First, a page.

# Fast implementation of a large integer counter (in C/C++)

My goal is as the following,

Generate successive values, such that each new one was never generated before, until all possible values are generated. At this point, the counter start the same sequence again. The main point here is that, all possible values are generated without repetition (until the period is exhausted). It does not matter if the sequence is simple 0, 1, 2, 3,..., or in other order.

For example, if the range can be represented simply by an `unsigned`, then

``````void increment (unsigned &n) {++n;}
``````

is enough. However, the integer range is larger than 64-bits. For example, in one place, I need to generated 256-bits sequence. A simple implementation is like the following, just to illustrate what I am trying to do,

``````typedef std::array<uint64_t, 4> ctr_type;
static constexpr uint64_t max = ~((uint64_t) 0);
void increment (ctr_type &ctr)
{
if (ctr[0] < max) {++ctr[0]; return;}
if (ctr[1] < max) {++ctr[1]; return;}
if (ctr[2] < max) {++ctr[2]; return;}
if (ctr[3] < max) {++ctr[3]; return;}
ctr[0] = ctr[1] = ctr[2] = ctr[3] = 0;
}
``````

So if `ctr` start with all zeros, then first `ctr[0]` is increased one by one until it reach `max`, and then `ctr[1]`, and so on. If all 256-bits are set, then we reset it to all zero, and start again.

The problem is that, such implementation is surprisingly slow. My current improved version is sort of equivalent to the following,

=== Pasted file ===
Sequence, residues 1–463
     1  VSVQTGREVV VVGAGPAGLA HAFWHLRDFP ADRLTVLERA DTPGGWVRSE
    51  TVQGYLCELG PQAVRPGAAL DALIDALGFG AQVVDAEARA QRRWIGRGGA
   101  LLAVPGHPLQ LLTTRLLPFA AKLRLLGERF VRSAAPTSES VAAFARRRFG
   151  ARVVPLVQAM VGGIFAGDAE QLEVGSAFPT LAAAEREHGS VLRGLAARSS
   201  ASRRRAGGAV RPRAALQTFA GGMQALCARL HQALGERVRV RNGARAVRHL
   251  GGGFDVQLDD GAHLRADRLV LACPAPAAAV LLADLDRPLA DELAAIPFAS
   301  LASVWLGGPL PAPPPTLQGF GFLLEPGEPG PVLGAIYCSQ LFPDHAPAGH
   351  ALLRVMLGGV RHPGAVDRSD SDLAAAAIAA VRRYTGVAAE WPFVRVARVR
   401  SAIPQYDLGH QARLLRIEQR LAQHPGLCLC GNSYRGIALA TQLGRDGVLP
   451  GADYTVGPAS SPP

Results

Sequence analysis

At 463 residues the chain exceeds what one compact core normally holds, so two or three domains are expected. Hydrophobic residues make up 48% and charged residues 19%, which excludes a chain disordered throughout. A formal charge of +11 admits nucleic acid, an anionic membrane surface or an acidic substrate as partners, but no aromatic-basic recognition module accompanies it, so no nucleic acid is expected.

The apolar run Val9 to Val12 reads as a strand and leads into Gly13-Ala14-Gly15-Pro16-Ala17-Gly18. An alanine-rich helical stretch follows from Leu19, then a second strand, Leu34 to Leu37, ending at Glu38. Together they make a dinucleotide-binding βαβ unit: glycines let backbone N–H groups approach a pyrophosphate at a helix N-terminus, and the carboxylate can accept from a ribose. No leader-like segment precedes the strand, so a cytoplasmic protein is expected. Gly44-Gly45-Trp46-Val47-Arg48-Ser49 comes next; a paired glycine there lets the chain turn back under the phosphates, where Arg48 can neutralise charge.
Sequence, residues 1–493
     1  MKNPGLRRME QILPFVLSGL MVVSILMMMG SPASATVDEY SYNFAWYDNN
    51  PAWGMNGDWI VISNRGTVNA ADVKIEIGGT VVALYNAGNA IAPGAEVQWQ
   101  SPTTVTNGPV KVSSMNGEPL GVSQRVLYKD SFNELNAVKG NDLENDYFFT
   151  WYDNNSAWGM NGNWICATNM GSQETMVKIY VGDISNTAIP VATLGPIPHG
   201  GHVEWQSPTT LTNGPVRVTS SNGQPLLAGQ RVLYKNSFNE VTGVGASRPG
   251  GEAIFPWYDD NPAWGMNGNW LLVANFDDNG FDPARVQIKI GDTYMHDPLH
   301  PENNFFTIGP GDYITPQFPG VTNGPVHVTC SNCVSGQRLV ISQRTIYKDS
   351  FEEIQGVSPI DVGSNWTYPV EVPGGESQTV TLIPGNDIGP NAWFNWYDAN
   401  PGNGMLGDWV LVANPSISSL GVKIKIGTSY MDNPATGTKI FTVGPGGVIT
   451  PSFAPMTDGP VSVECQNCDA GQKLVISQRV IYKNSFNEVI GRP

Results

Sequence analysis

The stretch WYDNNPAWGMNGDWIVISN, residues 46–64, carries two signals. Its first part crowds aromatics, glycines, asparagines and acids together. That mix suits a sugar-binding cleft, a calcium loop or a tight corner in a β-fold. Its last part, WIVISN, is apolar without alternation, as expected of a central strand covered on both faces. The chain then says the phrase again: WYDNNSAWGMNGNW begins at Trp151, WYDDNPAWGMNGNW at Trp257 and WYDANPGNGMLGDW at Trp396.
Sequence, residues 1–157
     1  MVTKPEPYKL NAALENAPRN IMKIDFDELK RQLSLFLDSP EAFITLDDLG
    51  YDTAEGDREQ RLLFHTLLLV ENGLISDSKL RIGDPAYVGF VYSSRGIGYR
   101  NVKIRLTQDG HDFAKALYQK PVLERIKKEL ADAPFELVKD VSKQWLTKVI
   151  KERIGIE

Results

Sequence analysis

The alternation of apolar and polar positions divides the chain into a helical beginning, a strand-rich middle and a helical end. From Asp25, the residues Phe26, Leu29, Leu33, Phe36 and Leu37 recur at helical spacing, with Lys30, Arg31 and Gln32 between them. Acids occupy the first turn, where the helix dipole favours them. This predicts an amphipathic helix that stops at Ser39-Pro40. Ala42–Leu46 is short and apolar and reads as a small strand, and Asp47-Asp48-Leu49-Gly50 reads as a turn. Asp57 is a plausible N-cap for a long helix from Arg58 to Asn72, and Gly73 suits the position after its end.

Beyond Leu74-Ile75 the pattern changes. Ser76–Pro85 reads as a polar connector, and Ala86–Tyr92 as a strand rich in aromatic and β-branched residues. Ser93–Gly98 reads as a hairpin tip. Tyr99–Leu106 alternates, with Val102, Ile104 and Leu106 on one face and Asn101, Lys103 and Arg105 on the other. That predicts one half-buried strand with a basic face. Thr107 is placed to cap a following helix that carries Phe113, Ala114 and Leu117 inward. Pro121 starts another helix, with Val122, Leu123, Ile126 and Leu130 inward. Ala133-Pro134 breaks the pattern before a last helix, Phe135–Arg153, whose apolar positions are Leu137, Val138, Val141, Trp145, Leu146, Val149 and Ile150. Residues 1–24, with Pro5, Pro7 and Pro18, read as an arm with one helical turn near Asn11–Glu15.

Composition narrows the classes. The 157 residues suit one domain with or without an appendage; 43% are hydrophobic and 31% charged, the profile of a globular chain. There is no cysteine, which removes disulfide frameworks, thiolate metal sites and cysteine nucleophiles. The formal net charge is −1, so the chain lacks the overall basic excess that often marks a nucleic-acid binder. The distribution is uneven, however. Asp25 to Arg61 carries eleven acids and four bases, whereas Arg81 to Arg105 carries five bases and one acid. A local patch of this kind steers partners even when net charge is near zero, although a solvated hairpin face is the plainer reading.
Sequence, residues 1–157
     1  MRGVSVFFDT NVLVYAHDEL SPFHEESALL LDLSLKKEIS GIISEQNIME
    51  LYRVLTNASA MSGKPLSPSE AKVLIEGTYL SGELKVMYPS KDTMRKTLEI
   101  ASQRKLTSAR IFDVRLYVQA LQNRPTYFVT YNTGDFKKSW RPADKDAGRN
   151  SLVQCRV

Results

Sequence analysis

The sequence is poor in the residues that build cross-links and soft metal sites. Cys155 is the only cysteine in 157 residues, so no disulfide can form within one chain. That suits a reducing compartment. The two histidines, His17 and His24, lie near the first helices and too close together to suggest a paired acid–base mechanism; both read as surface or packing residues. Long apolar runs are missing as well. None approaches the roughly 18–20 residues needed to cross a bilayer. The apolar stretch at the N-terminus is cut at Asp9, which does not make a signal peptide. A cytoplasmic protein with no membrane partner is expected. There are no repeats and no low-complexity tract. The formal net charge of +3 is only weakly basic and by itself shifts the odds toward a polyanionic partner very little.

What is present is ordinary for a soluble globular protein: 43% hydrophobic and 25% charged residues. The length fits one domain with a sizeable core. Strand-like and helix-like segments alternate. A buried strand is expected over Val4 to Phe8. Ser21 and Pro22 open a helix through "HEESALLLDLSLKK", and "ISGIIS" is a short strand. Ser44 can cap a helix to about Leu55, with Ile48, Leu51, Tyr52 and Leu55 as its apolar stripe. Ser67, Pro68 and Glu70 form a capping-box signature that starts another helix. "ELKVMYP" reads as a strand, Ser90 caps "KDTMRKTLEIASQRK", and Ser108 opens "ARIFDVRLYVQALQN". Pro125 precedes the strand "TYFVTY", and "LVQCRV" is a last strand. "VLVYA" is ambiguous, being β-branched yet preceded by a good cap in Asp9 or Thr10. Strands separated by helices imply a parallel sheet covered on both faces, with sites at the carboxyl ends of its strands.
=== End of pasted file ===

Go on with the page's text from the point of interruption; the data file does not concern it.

``````void increment (ctr_type &ctr)
{
std::size_t k = (!(~ctr[0])) + (!(~ctr[1])) + (!(~ctr[2])) + (!(~ctr[3]))
if (k < 4)
++ctr[k];
else
memset(ctr.data(), 0, 32);

}
``````

If the counter is only manipulated with the above `increment` function, and always start with zero, then `ctr[k] == 0` if `ctr[k - 1] == 0`. And thus the value `k` will be the index of the first element that is less than the maximum.

I expected the first to be faster, since branch mis-prediction shall happen only once in every 2^64 iterations. The second, though mis-predication only happen every 2^256 iterations, it shall not make a difference. And apart from the branching, it needs four bitwise negation, four boolean negation, and three addition. Which might cost much more than the first.

However, both `clang`, `gcc`, or intel `icpc` generate binaries that the second was much faster.

My main question is that does anyone know if there any faster way to implement such a counter? It does not matter if the counter start by increasing the first integers or if it is implemented as an array of integers at all, as long as the algorithm generate all 2^256 combinations of 256-bits.

What makes things more complicated, I also need non uniform increment. For example, each time the counter is incremented by `K` where `K > 1`, but almost always remain a constant. My current implementation is similar to the above.

To provide some more context, one place I am using the counters is using them as input to AES-NI aesenc instructions. So distinct 128-bits integer (loaded into `__m128i`), after going through 10 (or 12 or 14, depending on the key size) rounds of the instructions, a distinct `128-bits` integer is generated. If I generate one `__m128i` integer at once, then the cost of `increment` matters little. However, since aesenc has quite a bit latency, I generate integers by blocks. For example, I might have 4 blocks, `ctr_type block[4]`, initialized equivalent to the following,

``````block[0]; // initialized to zero
block[1] = block[0]; increment(block[1]);
block[2] = block[1]; increment(block[2]);
block[3] = block[2]; increment(block[3]);
``````